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Pyrom Thermal Flasher socket

Pyrom Thermal Flasher socket

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Here is a circa 1960's Pyrom thermal flasher socket. During the "off" cycle the lamp filament remains heated as can be seen in the photo using a 25w bulb.

neonplug.jpg DSC00243.JPG flasherskt.jpg sturdee.JPG

Light Information

Light Information

Manufacturer:Pyrom Pty Limited
Model Reference:Flasher
Lamp
Lamp Type:Incandescent only
Base:BC/B22
Electrical
Wattage:100 maximum
Voltage:240
Physical/Production
Factory Location:Sydney Australia

File information

File information

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Filename:flasherskt.jpg
Album name:rapidstart / Misc switches, sockets
Keywords:Gear
File Size:933 KB
Date added:May 15, 2015
Dimensions:2048 x 1536 pixels
Displayed:179 times
Date Time:2015:05:16 12:12:34
DateTime Original:2015:05:16 12:12:34
Exposure Bias:0 EV
Exposure Time:1/760 sec
FNumber:f 8
Flash:Flash
Focal length:9.3 mm
ISO:100
Make:SONY
Model:CYBERSHOT
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Medved
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May 15, 2015 at 11:54 PM Author: Medved
The reason for the parallel heater connection is not that much to keep the lamp preheated (during normal flashing it won't cool down that much anyway), but to make the flasher insensitive to the exact lamp wattage (the heater just sees the 240V and has nothing to do with the current).

No more selfballasted c***

rapidstart
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May 16, 2015 at 12:22 AM Author: rapidstart
Oh... OK. I just thought it was to help prolong lamp life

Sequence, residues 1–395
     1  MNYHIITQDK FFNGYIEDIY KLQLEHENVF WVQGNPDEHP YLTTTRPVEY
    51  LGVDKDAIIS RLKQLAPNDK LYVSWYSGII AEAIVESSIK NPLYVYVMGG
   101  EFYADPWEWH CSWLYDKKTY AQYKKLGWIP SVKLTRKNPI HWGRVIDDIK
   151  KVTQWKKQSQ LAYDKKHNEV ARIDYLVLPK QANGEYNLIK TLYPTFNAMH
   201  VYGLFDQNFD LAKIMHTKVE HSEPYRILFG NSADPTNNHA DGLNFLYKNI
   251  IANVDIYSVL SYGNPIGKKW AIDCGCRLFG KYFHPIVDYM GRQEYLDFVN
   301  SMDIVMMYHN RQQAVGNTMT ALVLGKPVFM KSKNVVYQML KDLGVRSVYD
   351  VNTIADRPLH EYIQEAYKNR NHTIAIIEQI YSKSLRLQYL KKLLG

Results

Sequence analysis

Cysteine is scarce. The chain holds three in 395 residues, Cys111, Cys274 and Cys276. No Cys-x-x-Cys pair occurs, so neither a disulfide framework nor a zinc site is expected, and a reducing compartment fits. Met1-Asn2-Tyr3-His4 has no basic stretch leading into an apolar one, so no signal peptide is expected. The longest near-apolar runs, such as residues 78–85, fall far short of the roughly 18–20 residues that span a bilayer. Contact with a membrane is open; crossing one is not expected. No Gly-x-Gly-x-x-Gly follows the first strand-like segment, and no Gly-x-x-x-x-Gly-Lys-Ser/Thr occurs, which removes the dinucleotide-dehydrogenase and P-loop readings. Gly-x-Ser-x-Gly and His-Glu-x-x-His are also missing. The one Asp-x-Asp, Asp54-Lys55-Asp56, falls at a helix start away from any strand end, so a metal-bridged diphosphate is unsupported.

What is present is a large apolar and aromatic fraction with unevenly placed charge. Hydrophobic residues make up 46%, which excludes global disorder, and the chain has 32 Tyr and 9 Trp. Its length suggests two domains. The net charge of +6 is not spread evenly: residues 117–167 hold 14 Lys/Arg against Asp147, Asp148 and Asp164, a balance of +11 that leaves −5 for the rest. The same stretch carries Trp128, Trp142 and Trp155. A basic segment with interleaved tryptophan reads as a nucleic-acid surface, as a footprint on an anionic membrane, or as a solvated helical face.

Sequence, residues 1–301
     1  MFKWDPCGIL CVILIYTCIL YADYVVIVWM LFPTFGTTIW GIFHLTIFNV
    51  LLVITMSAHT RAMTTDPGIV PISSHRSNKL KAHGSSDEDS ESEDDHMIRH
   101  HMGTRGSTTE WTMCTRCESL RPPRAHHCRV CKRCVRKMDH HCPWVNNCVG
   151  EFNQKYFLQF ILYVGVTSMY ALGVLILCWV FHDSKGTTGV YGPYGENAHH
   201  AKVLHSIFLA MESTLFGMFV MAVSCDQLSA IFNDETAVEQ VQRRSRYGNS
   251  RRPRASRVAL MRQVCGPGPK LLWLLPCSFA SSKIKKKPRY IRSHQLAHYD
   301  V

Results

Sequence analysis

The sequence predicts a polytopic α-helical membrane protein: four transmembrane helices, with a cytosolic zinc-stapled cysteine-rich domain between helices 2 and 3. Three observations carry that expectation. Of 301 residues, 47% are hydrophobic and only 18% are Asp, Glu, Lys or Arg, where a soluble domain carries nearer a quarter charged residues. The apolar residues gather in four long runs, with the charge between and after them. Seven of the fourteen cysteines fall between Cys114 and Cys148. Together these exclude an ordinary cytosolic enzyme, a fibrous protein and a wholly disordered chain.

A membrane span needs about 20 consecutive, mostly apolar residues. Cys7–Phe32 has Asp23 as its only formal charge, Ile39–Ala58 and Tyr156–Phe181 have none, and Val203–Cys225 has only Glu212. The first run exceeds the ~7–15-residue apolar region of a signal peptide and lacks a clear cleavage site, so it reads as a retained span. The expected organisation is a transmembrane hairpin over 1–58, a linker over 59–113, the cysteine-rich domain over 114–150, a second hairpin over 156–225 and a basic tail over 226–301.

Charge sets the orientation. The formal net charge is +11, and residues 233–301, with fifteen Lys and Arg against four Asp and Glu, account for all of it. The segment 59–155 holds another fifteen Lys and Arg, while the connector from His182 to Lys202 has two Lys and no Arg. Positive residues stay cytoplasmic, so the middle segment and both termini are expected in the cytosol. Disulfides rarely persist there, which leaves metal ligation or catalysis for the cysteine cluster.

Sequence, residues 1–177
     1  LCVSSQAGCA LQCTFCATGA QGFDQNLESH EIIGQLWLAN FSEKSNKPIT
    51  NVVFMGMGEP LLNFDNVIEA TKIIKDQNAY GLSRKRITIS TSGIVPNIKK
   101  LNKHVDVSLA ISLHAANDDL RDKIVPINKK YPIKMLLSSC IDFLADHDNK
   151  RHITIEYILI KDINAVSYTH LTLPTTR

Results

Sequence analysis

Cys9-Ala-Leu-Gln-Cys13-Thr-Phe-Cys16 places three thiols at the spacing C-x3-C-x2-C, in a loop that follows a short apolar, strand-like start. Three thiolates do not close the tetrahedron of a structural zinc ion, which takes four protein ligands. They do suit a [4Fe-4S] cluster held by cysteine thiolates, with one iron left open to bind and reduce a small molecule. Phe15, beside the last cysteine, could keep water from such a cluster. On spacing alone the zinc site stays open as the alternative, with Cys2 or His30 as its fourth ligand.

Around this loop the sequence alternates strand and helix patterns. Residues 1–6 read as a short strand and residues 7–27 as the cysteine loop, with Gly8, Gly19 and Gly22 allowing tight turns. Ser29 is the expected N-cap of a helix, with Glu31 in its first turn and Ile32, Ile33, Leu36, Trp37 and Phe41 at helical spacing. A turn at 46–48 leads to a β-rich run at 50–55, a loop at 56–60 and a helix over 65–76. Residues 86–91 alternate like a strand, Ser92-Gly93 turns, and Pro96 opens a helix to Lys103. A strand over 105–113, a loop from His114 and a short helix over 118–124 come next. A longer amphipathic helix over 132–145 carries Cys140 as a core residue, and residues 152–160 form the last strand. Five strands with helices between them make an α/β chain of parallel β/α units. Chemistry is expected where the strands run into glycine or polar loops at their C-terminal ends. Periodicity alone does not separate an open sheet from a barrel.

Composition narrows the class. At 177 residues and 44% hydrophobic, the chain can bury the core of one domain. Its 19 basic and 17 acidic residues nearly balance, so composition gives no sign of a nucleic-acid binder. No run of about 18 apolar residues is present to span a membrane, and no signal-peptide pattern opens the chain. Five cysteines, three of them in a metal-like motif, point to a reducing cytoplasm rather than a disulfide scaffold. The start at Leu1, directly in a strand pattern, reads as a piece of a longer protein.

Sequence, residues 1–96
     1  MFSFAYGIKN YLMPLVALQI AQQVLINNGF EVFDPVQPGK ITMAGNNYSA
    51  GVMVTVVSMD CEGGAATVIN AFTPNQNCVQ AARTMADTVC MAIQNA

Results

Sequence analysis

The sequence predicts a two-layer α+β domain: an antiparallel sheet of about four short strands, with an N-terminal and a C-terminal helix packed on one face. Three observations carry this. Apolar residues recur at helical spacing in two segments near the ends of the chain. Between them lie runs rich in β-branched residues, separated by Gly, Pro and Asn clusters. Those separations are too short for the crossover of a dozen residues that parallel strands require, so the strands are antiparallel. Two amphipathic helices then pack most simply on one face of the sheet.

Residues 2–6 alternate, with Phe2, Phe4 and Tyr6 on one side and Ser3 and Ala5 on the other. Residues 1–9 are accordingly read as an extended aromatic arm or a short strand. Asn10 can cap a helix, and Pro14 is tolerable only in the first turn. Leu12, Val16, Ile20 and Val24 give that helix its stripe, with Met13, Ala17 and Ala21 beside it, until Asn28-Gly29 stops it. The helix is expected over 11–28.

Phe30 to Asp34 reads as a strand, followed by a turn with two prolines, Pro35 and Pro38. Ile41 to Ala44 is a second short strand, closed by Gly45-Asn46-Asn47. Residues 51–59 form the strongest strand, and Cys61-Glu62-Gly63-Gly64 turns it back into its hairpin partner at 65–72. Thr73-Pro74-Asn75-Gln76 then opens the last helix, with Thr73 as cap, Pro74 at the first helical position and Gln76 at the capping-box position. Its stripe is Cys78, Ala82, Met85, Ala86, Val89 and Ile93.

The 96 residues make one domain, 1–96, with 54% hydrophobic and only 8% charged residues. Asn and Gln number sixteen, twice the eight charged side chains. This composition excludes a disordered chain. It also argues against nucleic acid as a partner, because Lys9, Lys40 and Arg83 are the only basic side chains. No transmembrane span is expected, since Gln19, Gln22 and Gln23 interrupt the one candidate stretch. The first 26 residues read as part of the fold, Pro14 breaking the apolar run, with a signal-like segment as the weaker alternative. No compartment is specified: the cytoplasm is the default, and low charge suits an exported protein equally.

Say 'O' for an Osram, think about tonight today (old advertising jingle)

Medved
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May 16, 2015 at 01:22 AM Author: Medved
Anyway it is quite nice find, never seen such creation...

I know about "red neck" method (when was a kid, it was in a decoration for kid's "disco") using fluorescent starters: It uses two 25..40W lamps in parallel, all that in series with one such lamp. Parallel to the single lamp is then a fluorescent starter. The lamps are then alternatively blinking...
Of course, the starter is the component with the shortest life there...

No more selfballasted c***

rjluna2
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Robert


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May 16, 2015 at 06:27 PM Author: rjluna2
The reason why it glows during 'off' cycle is that the heater and bulb are working in series. Once the bimetallic strip makes contact, most of the current goes through the bimetallic strip leaving minimum current flow at the heater element. Then the cycle repeats

Pretty, please no more Chinese failure.

rapidstart
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May 16, 2015 at 07:50 PM Author: rapidstart
Thanks Robert

Say 'O' for an Osram, think about tonight today (old advertising jingle)

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